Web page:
At the University of Rhode Island, students and some faculty held a demonstration earlier this week. At Brown, demonstrators called for the school to provide safe harbor for undocumented immigrants and minority groups who report feeling unsafe after the election.

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Students at Rhode Island’s public colleges and university could see a tuition hike next year. The state Board of Education is slated to vote Wednesday on a proposal that would increase the cost of Rhode Island College by about $600 a year. Tuition at the University of Rhode Island would go up by about $900, with larger increases for out-of-state students.

Post-Secondary Education Commissioner Jim Purcell said they need a total of about $30 million more dollars for the coming academic year.

The 15-foot-long telescope at Ladd has helped Rhode Islanders witness many cosmic events. David Targan, Ladd’s Director, said the observatory remains much as it was when it was built in the Victorian era, so visitors can still see what it was like to look at the night sky in 1891.

“There are observatories all over the world but none or very few that are as well preserved, I would say, from that era as Ladd,” said Targan.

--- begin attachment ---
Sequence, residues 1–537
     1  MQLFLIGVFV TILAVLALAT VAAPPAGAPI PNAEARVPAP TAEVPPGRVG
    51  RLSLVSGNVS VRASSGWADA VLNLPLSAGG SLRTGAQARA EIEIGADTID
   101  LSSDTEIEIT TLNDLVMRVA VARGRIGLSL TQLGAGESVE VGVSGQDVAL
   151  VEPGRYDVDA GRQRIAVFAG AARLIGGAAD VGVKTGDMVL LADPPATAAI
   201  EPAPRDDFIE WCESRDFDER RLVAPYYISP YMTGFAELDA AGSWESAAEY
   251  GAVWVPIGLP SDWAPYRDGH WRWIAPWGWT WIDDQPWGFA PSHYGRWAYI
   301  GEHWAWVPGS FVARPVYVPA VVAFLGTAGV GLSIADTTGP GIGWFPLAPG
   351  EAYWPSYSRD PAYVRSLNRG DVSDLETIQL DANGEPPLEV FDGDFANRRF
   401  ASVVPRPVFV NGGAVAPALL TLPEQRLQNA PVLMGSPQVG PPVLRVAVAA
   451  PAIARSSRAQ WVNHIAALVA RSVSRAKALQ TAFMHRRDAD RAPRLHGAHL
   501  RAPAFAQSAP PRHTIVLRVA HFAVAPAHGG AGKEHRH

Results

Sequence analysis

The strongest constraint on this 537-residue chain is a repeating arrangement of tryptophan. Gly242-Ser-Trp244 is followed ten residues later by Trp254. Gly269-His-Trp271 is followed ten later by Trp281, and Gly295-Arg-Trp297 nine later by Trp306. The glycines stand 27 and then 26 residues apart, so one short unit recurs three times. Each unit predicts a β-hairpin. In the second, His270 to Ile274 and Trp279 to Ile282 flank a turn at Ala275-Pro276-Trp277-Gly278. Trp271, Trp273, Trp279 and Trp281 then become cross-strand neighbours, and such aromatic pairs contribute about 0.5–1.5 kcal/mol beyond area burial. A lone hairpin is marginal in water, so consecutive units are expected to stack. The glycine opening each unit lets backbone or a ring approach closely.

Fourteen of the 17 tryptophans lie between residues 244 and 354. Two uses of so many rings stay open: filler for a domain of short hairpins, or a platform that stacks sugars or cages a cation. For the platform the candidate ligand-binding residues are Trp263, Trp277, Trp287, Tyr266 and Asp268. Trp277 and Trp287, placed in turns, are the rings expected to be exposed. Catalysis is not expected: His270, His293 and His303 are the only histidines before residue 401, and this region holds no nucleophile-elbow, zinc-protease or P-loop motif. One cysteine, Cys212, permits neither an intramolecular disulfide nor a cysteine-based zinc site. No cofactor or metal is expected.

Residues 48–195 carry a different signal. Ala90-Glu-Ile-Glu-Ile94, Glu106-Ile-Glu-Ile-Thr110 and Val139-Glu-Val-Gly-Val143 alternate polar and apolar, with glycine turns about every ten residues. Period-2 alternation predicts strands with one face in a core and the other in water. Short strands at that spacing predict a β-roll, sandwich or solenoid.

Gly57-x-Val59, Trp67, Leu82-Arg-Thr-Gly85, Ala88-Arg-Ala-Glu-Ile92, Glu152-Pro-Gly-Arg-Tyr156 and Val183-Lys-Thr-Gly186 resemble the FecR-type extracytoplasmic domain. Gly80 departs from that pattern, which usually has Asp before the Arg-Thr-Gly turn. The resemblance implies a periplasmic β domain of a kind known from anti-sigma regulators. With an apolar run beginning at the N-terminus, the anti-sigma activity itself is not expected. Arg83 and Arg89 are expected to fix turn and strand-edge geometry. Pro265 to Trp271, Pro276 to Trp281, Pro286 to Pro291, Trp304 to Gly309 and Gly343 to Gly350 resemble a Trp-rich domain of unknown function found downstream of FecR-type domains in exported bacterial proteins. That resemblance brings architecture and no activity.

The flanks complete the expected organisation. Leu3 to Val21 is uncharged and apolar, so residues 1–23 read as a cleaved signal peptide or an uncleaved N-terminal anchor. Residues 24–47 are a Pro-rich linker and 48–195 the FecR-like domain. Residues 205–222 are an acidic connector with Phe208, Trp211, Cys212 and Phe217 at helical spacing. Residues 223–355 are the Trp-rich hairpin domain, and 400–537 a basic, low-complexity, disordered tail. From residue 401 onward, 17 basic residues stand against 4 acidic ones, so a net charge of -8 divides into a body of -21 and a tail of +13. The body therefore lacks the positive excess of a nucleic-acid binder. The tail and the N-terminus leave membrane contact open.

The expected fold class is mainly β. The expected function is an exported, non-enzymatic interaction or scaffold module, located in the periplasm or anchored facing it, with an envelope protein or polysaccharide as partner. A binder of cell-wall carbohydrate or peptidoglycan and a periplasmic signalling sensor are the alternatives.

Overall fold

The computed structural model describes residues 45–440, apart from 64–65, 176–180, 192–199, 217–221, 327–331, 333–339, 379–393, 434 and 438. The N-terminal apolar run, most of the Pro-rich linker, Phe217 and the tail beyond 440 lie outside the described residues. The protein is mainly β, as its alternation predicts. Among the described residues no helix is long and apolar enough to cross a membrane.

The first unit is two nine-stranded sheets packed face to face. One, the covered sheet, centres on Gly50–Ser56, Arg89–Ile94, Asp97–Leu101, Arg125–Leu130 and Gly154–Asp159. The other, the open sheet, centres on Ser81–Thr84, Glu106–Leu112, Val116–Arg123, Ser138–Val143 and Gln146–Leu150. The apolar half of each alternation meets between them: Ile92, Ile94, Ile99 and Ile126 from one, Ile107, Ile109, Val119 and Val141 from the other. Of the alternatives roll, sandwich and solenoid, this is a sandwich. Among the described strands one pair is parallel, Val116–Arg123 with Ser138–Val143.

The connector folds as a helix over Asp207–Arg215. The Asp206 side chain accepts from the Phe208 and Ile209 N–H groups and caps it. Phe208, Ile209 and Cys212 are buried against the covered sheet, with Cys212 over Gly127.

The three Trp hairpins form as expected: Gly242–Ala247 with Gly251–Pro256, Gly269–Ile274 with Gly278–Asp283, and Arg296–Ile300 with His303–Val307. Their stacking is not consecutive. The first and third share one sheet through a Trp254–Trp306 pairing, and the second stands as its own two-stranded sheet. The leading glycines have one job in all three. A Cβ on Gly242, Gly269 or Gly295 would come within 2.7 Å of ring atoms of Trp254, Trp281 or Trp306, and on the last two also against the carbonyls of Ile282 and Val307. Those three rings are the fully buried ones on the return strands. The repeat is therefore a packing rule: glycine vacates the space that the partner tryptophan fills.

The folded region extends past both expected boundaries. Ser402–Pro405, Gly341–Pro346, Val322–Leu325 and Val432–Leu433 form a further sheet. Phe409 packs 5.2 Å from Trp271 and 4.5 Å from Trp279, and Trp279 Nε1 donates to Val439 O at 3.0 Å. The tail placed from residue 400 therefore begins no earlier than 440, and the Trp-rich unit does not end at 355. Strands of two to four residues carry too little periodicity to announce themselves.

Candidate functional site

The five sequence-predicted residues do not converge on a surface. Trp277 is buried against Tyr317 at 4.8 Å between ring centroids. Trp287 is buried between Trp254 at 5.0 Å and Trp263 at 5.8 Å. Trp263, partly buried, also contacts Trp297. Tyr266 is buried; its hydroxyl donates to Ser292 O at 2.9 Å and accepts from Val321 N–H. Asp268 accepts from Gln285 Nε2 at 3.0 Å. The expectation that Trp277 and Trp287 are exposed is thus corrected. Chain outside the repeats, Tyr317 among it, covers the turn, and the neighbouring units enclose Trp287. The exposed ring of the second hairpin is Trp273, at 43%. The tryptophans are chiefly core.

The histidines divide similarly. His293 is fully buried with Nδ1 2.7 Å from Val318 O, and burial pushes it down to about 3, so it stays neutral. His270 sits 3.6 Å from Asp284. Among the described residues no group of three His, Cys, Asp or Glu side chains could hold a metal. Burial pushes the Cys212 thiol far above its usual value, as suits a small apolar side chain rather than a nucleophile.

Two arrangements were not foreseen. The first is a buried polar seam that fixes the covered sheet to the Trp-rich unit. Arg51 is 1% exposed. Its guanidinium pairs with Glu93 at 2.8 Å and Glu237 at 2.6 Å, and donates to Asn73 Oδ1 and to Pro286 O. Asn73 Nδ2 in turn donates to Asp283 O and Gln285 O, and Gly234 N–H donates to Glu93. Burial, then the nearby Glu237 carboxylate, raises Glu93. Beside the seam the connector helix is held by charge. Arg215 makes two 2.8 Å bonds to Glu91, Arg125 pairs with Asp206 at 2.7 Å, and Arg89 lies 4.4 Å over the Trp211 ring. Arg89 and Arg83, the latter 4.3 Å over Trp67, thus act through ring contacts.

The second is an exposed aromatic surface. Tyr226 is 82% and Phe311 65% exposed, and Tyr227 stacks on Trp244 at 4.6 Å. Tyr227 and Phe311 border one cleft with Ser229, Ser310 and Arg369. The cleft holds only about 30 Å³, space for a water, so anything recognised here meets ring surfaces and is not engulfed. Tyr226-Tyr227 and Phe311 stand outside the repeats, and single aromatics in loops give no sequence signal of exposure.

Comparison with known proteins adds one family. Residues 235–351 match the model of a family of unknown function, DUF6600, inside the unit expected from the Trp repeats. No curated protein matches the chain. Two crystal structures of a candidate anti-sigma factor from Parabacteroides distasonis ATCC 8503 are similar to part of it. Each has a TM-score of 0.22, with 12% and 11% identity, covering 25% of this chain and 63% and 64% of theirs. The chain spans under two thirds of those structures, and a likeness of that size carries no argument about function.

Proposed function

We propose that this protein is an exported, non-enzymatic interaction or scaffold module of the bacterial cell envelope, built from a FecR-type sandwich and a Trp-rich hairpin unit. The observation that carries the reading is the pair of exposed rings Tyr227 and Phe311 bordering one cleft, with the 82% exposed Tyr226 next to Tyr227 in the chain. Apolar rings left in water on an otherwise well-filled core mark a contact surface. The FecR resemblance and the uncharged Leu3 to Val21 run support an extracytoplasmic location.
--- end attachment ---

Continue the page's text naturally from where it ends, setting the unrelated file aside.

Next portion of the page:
Sen. Edward Markey's staff estimated that as many as 14 million students in the U.S. could be attending schools contaminated with toxic PCBs. PCBs were banned in the late 70s, but were used in light fixtures and caulking in schools built or renovated between 1950 and 1979. They've been listed as a known human carcinogen and have been tied to an assortment of health problems, such as delayed development and attention problems.

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Brown University found the male student responsible for sexual assault in April.

The student, known only as John Doe, sued Brown University after he was suspended for being found responsible for sexually assaulting a female student. He claims encounter was consensual and said Brown’s process for handling the complaint was flawed.  U.S. District court Judge William E. Smith stopped short of ruling the students was a victim of gender bias.

But, Smith did find that the school made “procedural errors” during John Doe’s disciplinary hearing.

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State officials say a new initiative to increase the use of digital textbooks will cut costs for many students and make higher education more accessible for everyone, including English language learners.

The open-license, digital textbooks are generally free and can be downloaded on a student’s computer. They can also be updated or changed the professor giving the course.

Sixty Rhode Island teachers are heading back to college to learn how to teach English as a second language. The program, a collaboration between urban school districts, the state and the Rhode Island Foundation, will cover the cost of tuition so that more teachers can gain certifications to teach English Language Learners or teach in bi-lingual programs known as dual language classrooms.